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  1. Moderator note: added link to Gato123's Introduction topic: Gato123: withdrawal from Cymbalta and Prozac; Introduction topic Gosh, I don't even know where to start. The short of it is, you WILL get better if you do not give up. I entered into withdrawal 14 months ago and was absolutely debilitated. Fast forward 14 months and most of my physical symptoms I was presenting are much less intense and the paralyzing anxiety and black depression I sank into are much more manageable. When I was in the middle of withdrawal "hell" I truly didn't know if I believed recovery was possible and it.was.terrifying. No medical professional knew what to do to help (Note: This was if they even recognized the "discontinuation syndrome" (which the very terminology makes me so angry because it's SO misleading but that's for another post) other than recommended I reinstate the drug. I refused. All I kept thinking during this time was, "What is going to happen to me?" "When will this end?" "Will it end?" "What has chronic, long-term exposure done to my body? My brain? My Central Nervous System?" These were constant questions running through my mind for a long time. But I am here today to share my experience with you. No matter how bad you feel in the middle of it, your body IS capable of healing and WILL! I will share my experience in more detail below if you are interested to know more. I am a female in my 30s. I was prescribed Wellbutrin over 17 years ago to help with the side effects of the birth control pill I was taking. In the last 17 years I've been on most of the "common" SSRI/SNRIs/benzodiazepines/sleeping pills including but not limited to: Wellbutrin, Effexor, Lexapro, Paxil, Cymbalta, Prozac, Lorazepam, Alprazolam (Xanax), Ambien, and more. Each one brought new side effects, and in general, made me sick. I felt like I was on a roller coaster and never quite at peace. I am 14 months out and much better than where I was day 1. It is has been the hardest, most trying, exhausting experience of my life but I have survived. And YOU will too!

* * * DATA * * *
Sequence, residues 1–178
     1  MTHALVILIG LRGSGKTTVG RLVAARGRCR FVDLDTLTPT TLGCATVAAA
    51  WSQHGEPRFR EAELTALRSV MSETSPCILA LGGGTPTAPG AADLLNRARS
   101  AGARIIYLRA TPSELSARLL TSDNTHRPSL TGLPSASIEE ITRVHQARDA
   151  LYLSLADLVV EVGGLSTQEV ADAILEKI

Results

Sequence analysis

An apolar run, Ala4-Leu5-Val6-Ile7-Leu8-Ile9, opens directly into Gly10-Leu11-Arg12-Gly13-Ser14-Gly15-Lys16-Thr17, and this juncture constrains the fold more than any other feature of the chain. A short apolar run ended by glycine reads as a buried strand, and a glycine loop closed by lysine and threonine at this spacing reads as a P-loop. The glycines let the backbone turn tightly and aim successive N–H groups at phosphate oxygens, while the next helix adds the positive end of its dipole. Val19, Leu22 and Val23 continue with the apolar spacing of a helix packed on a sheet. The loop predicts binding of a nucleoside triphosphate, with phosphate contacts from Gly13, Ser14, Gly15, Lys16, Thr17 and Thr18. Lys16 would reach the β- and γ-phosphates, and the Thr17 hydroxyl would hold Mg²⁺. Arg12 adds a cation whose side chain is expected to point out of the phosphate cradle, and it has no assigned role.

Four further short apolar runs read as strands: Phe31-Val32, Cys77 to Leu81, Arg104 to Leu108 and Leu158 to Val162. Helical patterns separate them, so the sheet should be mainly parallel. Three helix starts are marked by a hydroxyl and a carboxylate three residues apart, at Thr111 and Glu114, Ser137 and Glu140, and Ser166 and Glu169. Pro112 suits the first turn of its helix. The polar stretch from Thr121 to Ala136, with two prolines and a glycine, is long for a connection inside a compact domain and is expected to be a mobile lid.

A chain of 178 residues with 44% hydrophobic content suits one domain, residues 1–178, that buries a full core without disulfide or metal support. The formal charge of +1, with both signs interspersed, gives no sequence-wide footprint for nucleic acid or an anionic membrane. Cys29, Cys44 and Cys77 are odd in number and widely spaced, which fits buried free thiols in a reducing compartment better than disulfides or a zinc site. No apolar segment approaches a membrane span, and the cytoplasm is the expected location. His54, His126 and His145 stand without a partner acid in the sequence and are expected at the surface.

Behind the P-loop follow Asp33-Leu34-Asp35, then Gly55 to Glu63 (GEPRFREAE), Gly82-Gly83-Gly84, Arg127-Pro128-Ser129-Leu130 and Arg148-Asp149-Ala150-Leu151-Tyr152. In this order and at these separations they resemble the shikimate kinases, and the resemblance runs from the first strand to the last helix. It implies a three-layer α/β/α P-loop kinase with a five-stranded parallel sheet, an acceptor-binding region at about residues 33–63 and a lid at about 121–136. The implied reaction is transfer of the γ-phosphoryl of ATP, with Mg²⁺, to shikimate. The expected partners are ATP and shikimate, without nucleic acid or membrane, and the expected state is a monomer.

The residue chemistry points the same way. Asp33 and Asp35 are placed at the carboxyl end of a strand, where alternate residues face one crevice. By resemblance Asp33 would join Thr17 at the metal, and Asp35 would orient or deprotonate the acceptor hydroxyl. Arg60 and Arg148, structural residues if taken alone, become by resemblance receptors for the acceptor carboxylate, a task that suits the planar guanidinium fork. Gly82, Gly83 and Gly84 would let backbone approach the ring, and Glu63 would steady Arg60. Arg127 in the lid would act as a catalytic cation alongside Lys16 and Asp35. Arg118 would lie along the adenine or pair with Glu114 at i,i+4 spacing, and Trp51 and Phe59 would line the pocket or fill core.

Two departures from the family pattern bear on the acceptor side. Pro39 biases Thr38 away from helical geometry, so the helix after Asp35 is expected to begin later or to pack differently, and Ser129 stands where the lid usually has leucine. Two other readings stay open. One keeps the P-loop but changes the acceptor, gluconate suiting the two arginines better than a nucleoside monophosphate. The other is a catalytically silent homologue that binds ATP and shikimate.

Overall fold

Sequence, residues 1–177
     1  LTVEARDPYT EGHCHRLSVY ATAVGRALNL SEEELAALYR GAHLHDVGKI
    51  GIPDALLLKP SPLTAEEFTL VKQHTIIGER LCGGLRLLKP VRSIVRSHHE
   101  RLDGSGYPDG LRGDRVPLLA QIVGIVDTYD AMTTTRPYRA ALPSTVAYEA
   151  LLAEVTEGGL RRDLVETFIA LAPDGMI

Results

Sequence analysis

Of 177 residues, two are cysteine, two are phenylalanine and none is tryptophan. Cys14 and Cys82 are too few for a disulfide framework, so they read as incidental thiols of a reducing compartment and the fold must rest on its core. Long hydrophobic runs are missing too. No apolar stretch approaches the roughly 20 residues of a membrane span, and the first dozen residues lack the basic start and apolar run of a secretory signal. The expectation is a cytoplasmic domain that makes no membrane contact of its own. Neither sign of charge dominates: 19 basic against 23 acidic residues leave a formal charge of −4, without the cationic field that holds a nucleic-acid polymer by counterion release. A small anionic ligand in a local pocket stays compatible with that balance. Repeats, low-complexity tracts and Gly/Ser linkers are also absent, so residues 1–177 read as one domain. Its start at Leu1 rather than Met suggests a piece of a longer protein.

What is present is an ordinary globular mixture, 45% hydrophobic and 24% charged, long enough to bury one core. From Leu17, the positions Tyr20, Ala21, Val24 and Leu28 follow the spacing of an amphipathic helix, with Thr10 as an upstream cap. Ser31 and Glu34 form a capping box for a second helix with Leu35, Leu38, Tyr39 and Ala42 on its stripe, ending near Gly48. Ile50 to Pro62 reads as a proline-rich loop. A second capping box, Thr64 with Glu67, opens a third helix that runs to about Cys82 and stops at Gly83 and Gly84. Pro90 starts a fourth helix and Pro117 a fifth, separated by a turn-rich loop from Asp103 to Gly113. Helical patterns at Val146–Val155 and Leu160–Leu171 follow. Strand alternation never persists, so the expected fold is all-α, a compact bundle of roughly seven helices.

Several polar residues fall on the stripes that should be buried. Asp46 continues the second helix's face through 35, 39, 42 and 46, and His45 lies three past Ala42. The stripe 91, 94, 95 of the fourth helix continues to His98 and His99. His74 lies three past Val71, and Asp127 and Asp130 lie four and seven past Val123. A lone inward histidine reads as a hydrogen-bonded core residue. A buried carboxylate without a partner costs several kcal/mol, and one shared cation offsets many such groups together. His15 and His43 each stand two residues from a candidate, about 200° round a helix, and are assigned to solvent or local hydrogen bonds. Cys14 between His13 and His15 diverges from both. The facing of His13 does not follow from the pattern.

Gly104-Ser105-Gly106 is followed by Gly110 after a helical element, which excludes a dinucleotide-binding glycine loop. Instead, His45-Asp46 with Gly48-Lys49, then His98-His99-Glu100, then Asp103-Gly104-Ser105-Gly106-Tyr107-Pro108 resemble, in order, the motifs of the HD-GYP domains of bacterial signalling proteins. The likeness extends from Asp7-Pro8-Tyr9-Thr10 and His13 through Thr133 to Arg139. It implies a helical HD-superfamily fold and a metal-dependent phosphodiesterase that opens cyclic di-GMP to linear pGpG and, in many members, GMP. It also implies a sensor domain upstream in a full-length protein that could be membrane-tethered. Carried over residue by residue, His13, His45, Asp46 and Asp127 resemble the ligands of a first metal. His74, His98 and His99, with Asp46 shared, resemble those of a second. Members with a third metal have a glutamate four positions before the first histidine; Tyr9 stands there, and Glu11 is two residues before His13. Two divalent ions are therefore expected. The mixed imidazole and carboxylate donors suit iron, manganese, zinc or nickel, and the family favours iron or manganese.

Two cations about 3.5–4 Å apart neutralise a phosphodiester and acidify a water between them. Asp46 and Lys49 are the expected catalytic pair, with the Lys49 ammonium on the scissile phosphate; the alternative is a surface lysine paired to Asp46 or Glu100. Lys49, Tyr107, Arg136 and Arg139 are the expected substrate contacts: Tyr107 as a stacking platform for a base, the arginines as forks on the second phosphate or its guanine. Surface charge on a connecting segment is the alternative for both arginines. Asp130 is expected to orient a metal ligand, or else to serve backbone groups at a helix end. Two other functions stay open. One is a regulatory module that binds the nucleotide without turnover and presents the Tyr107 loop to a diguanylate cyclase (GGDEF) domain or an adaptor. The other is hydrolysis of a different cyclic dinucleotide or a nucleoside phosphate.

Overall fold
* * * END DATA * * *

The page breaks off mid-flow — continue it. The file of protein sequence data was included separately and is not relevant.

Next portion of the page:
2. brassmonkey

    Tao of the Brassmonkey

    The increase in visual migraines correlates with the time I was taking the highest dose of paxil and continues on through out my taper and has increased even more since I stopped taking the drug. Correlation doesn't prove causality but it does make me wonder if things are related.
  3. brassmonkey

    Tao of the Brassmonkey

    I can still remember having my first one in 7th grade while sitting in World History Class. My second one was a few years later. I didn't have any more until I was well into poopout on 40mgai paxil. Then I got one and again six months later. They started happening more frequently while I was tapering and even more so since I've been drug free. Now I seem to be getting two or three over a couple of days period every few months. The time line makes you wonder. For most of my life I've gotten regular migraine headaches that were just killer. I seemed to grow out of them in my mid 50s and have only had a few mild ones since.
  4. Happy2Heal

    Tao of the Brassmonkey

    just curious, did you have visual migraines before taking paxil? was this a symptom you had during WD? or is this a totally new thing for you?
  5. Hopefulstill

    Happy2Heal my Victory statement

    Hi H2H, You are welcome and deserve it and thanks for asking how I am! I was on 50 mg. Paxil and have reduced to 37 mg liquid Paxil. It's been 2 years reducing to that point. I don't have the side effects that others talked about, but I do notice much more anxiety than usual. I get irritated and angry a lot more. I don't brush things off as much and speak my mind more. I am trying to control that. I also notice I am thinking of past hurts quite a bit and feeling the anger. Maybe it was blocked out before. I will stay at 37 for awhile longer. By the way, I am 69 and have been on Paxil for 24 years. Keep that good attitude!!